Trust spent £3m on patient travel
One of Northern Ireland's biggest health trusts spent more than £3 million on transport and accommodation for patients in five years.
Flights, taxis and hotels have cost the Belfast Health and Social Care Trust £3,001,049 since 2008.
Patients were flown to England and Scotland and transferred to hospitals in the Republic for non-emergency operations in a bid to cut waiting times or because procedures could not be carried out in Northern Ireland, according to officials.
But, the bill has angered health service unions who claim the money could be better invested in front line staff and improved services in Belfast.
Joe McCusker, regional organiser with Unison, said: "We certainly are shocked and alarmed that so much money is being spent. There needs to be an examination into whether or not these costs are viable and justified.
"Why can the money not be spent being invested in consultants and proper resources here in Northern Ireland for the people who need it?"
The transport costs emerged following a Freedom of Information request.
The highest amount -- more than £2.9 million since 2009 -- was used to pay for patient and client taxis, however the Trust could not clarify whether they were for fares within or outside Northern Ireland.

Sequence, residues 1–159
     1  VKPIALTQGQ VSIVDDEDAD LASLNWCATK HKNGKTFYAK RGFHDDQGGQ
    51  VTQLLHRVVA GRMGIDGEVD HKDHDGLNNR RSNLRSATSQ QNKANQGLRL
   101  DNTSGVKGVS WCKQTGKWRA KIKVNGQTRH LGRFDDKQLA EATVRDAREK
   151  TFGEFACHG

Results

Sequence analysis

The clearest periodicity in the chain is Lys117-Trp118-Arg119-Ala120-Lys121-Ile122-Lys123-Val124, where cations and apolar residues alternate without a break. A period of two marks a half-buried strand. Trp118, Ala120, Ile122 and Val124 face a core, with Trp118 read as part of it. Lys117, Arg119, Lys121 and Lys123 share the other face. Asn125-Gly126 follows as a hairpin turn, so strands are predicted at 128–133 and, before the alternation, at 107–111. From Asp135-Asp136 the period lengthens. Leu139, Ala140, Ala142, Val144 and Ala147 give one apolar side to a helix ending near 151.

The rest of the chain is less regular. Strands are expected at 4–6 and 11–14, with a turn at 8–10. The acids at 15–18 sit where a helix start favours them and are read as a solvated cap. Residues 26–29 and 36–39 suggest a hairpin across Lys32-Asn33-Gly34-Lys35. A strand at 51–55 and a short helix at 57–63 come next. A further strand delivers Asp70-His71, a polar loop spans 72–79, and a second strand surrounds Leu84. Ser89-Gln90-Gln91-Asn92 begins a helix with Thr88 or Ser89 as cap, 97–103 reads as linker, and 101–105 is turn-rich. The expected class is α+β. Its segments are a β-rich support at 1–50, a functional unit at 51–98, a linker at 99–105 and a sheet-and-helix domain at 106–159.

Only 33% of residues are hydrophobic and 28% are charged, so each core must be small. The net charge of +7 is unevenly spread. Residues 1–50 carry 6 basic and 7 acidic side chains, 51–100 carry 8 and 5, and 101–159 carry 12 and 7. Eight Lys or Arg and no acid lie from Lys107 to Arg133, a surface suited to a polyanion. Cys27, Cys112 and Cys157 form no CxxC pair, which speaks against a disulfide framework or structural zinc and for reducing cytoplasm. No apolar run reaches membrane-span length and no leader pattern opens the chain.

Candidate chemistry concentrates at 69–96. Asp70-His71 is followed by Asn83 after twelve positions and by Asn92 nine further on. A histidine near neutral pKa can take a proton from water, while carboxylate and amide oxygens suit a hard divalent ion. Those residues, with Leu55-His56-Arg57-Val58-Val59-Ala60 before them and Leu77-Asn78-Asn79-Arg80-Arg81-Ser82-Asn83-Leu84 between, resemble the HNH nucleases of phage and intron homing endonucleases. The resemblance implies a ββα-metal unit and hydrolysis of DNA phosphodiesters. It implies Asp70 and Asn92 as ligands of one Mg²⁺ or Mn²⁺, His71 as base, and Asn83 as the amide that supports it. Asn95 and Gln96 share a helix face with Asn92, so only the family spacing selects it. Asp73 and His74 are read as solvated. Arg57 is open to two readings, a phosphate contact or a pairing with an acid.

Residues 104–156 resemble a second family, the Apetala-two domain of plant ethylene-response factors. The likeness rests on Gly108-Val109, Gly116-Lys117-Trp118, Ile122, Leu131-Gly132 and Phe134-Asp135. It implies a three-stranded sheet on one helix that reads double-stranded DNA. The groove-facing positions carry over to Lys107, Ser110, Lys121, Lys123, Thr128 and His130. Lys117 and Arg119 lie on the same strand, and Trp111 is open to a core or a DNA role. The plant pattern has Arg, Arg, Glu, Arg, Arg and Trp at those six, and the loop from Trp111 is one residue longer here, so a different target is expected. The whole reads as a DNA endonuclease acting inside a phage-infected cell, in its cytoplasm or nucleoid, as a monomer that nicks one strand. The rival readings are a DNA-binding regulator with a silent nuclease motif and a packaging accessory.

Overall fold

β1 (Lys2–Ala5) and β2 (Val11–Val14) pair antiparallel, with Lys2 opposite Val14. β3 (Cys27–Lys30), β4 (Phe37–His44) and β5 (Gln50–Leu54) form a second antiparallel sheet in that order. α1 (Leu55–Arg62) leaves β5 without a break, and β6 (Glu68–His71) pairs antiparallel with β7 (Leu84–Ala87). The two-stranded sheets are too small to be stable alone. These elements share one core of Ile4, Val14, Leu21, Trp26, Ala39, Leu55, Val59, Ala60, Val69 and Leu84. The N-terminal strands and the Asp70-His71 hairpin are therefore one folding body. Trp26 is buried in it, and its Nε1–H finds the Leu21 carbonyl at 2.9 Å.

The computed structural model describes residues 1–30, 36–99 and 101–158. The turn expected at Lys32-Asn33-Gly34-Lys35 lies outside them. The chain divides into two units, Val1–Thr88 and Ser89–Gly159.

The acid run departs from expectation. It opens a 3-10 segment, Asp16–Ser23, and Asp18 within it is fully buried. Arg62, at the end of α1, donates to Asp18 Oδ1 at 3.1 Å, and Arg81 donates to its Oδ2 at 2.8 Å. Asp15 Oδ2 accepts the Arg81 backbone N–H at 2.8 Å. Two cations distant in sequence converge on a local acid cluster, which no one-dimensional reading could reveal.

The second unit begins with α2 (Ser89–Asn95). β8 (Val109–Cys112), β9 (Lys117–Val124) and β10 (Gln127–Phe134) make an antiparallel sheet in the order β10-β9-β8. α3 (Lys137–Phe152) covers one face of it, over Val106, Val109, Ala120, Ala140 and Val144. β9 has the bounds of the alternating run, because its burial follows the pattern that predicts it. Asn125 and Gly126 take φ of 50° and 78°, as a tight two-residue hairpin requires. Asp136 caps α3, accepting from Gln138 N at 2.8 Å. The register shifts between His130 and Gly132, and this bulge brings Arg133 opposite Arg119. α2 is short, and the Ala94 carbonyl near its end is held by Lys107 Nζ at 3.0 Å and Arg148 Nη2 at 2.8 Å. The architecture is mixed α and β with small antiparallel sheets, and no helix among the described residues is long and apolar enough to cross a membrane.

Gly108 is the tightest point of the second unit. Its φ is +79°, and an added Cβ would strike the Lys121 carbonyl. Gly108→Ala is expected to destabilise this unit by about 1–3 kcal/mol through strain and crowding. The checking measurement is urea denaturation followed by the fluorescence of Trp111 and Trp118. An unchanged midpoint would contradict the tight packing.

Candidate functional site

Between September 2011 and July this year the Belfast Trust spent £50,076 flying patients and their escorts to cities like London, Liverpool, Manchester and Glasgow.
For the most part budget airlines such as Easyjet, Ryanair and Flybe were used but there were also Aer Lingus flights to Bucharest and Budapest which cost the public purse over £5.5k.
A further £57k was spent putting patients and their escorts up in hotels like the four-star Radisson Blu Edwardian, the Novotel, Paddington and the Edgewarebury in London. Elsewhere in the UK patients were accommodated in Premier Inns, Holiday Inns and Travelodges.
And, in Northern Ireland, patients have been given rooms at Jurys Inn and the Ramada Encore in Belfast as well as the Fir Trees Hotel in Strabane.
In its FoI response the Trust said: "Patients are sent for treatment outside the trust where waiting times in the Trust exceed the target times set by the Health Minister and where the Trust does not currently have the capacity to treat volumes of patients referred.
"In many cases, independent providers in Northern Ireland can and do perform the work. However, in line with procurement regulations, UK providers provide capacity if this is required. In some cases, for example cardiac surgery and scoliosis surgery, no Northern Ireland providers are available and the work will be carried out in the Republic of Ireland or England/Scotland."
In a statement, a spokeswoman for the Belfast Health Trust said: "£2.9 million out of this £3 million was spent on patient taxis within Northern Ireland. The Belfast Trust uses patient taxis for non-ambulance patient transport, which is used to transfer patients from home to hospital or clients from home to daycare etc.
"Flights and hotel costs only amounted to £100k and some of the earlier year costs did include staff flights."